What is FAP?
FAP is a hereditary syndrome that makes a person more likely to get polyps and cancer. FAP is caused by mutations (changes) in the APC gene.
There are 2 types of FAP: classic FAP and attenuated FAP (AFAP).
People with classic FAP have hundreds to thousands of polyps (tumor-like growths) in their colon (large intestine). Some colon polyps, called adenomatous polyps, can develop into colorectal cancer over time. People with classic FAP are at a very high risk of developing colorectal cancer. People with FAP can also have conditions outside of the colon, such as:
- Bony growths called osteomas
- Extra or missing teeth
- A rare eye condition called congenital hypertrophy of the retinal pigment epithelium (CHRPE)
- Benign (noncancerous) skin cysts
- Benign abdominal tumors
- Polyps or cancer of other parts of the gastrointestinal system, such as the stomach and small intestine
- A small increased risk of developing other types of cancer
People with attenuated FAP (AFAP) have less than 100 adenomatous polyps in their colon and are usually diagnosed at a later age than those with classic FAP. However, they still have an increased risk of developing colorectal cancer. People with AFAP are less likely to develop conditions outside of the colon than people who have classic FAP.Back to top
What is MAP?
MAP is a hereditary syndrome that makes a person more likely to get gastrointestinal polyps and cancer. It is caused by mutations in both copies of the MYH gene. Like people with AFAP, the number of adenomatous polyps in people with MAP is usually less than 100. There have also been a few reports of people with MAP getting colorectal cancer at a young age without other polyps being present. The risk of people with MAP developing conditions outside of the colon has not been well-studied.Back to top
How are FAP/AFAP and MAP diagnosed?
FAP/AFAP and MAP are usually diagnosed when a doctor finds many polyps but can also be diagnosed through genetic testing.Back to top
How common are FAP/AFAP and MAP?
About 1% of people with colorectal cancer have FAP/AFAP or MAP.Back to top
What are the chances of inheriting FAP/AFAP?
Both men and women can pass down an APC gene mutation to their children. Every person has 2 copies of the APC gene (1 from each parent), and it only takes a mutation in 1 copy to cause FAP/AFAP. If a person has a parent with FAP/AFAP, he or she has a 50% chance of inheriting the APC gene mutation. The person would also have a 50% chance of not inheriting the mutation.
A person can have FAP/AFAP even if it doesn’t run in his or her family. This happens if the APC gene mutates during fetal development. If this person has children, each child will have a 50% chance of inheriting the APC mutation.Back to top
What are the chances of inheriting MAP?
Unlike most hereditary cancer syndromes, MAP is a recessively inherited syndrome. This means a person must inherit 2 MYH gene mutations (1 from each parent) in order to develop MAP.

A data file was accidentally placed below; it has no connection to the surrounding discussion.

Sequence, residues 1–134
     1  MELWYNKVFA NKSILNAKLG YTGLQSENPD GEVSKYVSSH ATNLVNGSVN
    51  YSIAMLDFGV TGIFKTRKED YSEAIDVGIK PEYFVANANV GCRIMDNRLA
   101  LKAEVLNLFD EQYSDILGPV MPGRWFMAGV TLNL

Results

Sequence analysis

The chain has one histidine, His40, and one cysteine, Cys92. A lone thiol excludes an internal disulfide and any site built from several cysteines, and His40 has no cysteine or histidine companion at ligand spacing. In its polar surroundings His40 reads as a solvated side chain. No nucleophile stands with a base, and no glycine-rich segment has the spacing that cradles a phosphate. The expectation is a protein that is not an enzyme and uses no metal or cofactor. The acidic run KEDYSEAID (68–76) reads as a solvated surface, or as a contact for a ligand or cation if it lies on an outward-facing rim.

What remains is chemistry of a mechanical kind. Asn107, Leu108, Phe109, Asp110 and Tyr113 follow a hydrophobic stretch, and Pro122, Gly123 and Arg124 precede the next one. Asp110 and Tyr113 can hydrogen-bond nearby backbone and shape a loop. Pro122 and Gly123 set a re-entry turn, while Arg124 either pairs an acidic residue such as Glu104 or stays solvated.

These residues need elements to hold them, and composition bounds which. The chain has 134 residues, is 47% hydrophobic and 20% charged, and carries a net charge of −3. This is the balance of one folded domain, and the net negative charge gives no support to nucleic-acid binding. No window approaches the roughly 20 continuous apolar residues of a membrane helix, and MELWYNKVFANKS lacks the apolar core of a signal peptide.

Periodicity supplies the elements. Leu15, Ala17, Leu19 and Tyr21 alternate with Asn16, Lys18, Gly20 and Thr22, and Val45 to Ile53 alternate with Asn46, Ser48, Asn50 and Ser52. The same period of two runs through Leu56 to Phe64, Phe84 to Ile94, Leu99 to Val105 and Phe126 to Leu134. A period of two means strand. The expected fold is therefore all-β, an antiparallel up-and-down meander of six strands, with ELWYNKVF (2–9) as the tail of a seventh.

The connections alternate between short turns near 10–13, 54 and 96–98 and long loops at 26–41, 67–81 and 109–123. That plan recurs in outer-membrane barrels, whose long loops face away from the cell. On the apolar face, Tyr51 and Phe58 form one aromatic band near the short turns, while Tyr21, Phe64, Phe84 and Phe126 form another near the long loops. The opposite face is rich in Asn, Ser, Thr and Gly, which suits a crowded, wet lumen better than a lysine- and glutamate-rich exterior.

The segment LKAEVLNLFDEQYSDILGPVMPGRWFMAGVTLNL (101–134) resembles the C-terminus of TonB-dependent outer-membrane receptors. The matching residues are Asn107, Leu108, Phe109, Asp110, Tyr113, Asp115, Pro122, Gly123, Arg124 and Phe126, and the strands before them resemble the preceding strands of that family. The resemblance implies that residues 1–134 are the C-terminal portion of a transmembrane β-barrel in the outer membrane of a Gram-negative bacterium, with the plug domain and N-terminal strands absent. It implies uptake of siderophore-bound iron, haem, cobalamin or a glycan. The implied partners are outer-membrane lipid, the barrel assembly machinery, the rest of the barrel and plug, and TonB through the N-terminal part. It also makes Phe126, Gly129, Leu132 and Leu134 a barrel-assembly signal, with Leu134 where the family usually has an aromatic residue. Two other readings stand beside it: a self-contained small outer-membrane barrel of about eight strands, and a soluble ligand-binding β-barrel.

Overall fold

If both parents carry MYH mutations, there is a 25% chance that their child will inherit 2 MYH gene mutations and therefore develop MAP.
If only 1 parent has MAP, the chances of having a child with MAP are low because the chance that the other parent has a MYH mutation is low.
When a person has only 1 MYH mutation, he or she is said to be a “carrier.” At this time, people who have only 1 MYH gene mutation are thought to have a slight increased risk of developing colorectal polyps or cancer, particularly if there is a family history of colon cancer.Back to top
What does a positive APC or MYH test result mean?
A positive test result means that an APC or MYH mutation was found. This person has an increased risk for developing polyps and colorectal cancer. The risk for other cancers and features varies.Back to top
What does a “variant of uncertain significance” (or “ambiguous”) test result mean?
Genes are written in letters called bases. We call the wrong spelling of a gene a “mutation” and a mutation can cause an increased risk of cancer. However, some spelling changes in genes do not cause disease. We are still learning which spellings are normal (harmless) and which may be disease-causing. These kinds of uncertain changes are called variants of uncertain significance.
If you have a variant in the APC or MYH gene, we may not be able to tell you if it is a normal change or a disease-causing change. In some situations, we may be able to test your relatives for the variant or we may be able to do lab tests, but we still may not be able to tell if the variant will increase your risk for polyps or cancer. If you have a variant, we will make recommendations for cancer screening based on your family history.Back to top
What does a negative APC or MYH test result mean?
A negative test result means that no mutation was found in the APC or MYH gene. This could mean any of the following:
- You could have a mutation in the APC or MYH gene that cannot be detected with the testing method that was used. No one genetic testing method can find all mutations.